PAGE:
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The state filed a motion Thursday to dismiss current charges against former Utah cornerback Dominique Hatfield, released from the team last week after he was accused of robbing a man at knifepoint.

According to the motion: "New evidence has been received and examined that casts doubt on the defendant's guilt of the crimes as alleged in the original information."

Specifically, Salt Lake County District Attorney chief deputy Blake Nakamura told The Tribune, the case is complicated by video footage from a nearby Maverik where the suspect is said to have texted the victim, and by number-spoofing technology that allows several cellphones to respond to the same number without creating a call history.

Hatfield, 20, was charged with a first-degree felony after he was identified by the victim of the alleged June 30 armed robbery at a 3900 S. 600 West car wash.

According to charging documents, the victim was answering an online classified ad for an Xbox when he was robbed at knifepoint for $180. Later that night, the victim's wife saw another ad for two iPhones from the same seller, and she set up a buy at the same car wash. There, police arrested Hatfield, who possessed two iPhones.

Nakamura said "the totality of the circumstances" warranted the charges against Hatfield. Now, though, it "requires more investigation before we can put the whole thing to rest."

The state can still re-file charges against Hatfield, though Hatfield attorney Greg Skordas believes it's unlikely the state would re-file the robbery charge.

Nakamura said the state was, however, likely to re-file a class A misdemeanor theft charge for the two phones, which court documents say Hatfield admitted to finding at parties and trying to sell without attempting to return them to their owners.

Skordas said the Maverik video, in particular, proves that Hatfield wasn't guilty of the armed robbery.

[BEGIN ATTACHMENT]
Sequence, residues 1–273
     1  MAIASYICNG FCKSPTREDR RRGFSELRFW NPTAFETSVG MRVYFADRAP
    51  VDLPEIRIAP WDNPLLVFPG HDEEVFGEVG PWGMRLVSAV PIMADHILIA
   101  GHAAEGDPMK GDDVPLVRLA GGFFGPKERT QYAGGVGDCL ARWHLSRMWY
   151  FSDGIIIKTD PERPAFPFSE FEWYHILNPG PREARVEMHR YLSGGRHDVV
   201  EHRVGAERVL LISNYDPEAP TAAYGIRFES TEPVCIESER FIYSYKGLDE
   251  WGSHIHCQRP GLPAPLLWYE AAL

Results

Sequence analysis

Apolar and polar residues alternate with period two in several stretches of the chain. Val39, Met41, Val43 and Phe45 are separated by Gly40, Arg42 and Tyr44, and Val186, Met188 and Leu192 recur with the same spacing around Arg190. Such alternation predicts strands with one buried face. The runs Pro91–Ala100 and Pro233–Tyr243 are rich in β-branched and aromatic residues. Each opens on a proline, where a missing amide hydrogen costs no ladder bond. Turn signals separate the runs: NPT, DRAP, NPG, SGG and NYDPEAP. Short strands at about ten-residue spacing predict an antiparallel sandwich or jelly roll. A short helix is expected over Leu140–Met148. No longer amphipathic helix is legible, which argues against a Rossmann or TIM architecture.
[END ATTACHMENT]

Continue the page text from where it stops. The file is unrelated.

In it, a man who meets the victim's original description of the suspect fills up and pays for gas — long a mystery for the defense, since Hatfield doesn't own a car, according to co-counsel Greg Phillips. That occurs minutes before the alleged robbery at a car wash across the street.

That man is not Hatfield, Skordas said. Asked if the video also shows Hatfield, he said, "I couldn't answer that either way, definitively."

As to why Hatfield would bring two phones to the scene of another sale, using the same number and the same online classified profile as the alleged robber, Nakamura said it was too soon to say.

The Tribune was unable to connect with Hatfield, who tweeted, "All the charges have been drop thank god! Just wanna clear my name up."

Skordas said that even as Hatfield was kicked off the team and kicked out of school, he never complained or seemed to feel sorry for himself.

"He had maintained his innocence to us from the get-go," Skordas said. "[He] asked us to try to get that video as soon as we could, and told us that if we did get the video, it would show that he was innocent. And he was right."

Attempts to reach Kyle Whittingham were not immediately successful. Whittingham originally suspended Hatfield before stating last week that Hatfield's dismissal from the team came after "further concerns" about his off-field behavior.

Skordas said he hopes to ask the U. and its football team to reconsider Hatfield's dismissal, "and to make sure they understand that this wasn't dismissed because of some constitutional issue or illegal search and seizure, it was dismissed because he wasn't the guy who did the armed robbery."

Hatfield recorded 38 tackles and nine pass breakups in 2014 and was an expected starter for the Utes.

Twitter: @matthew_piper

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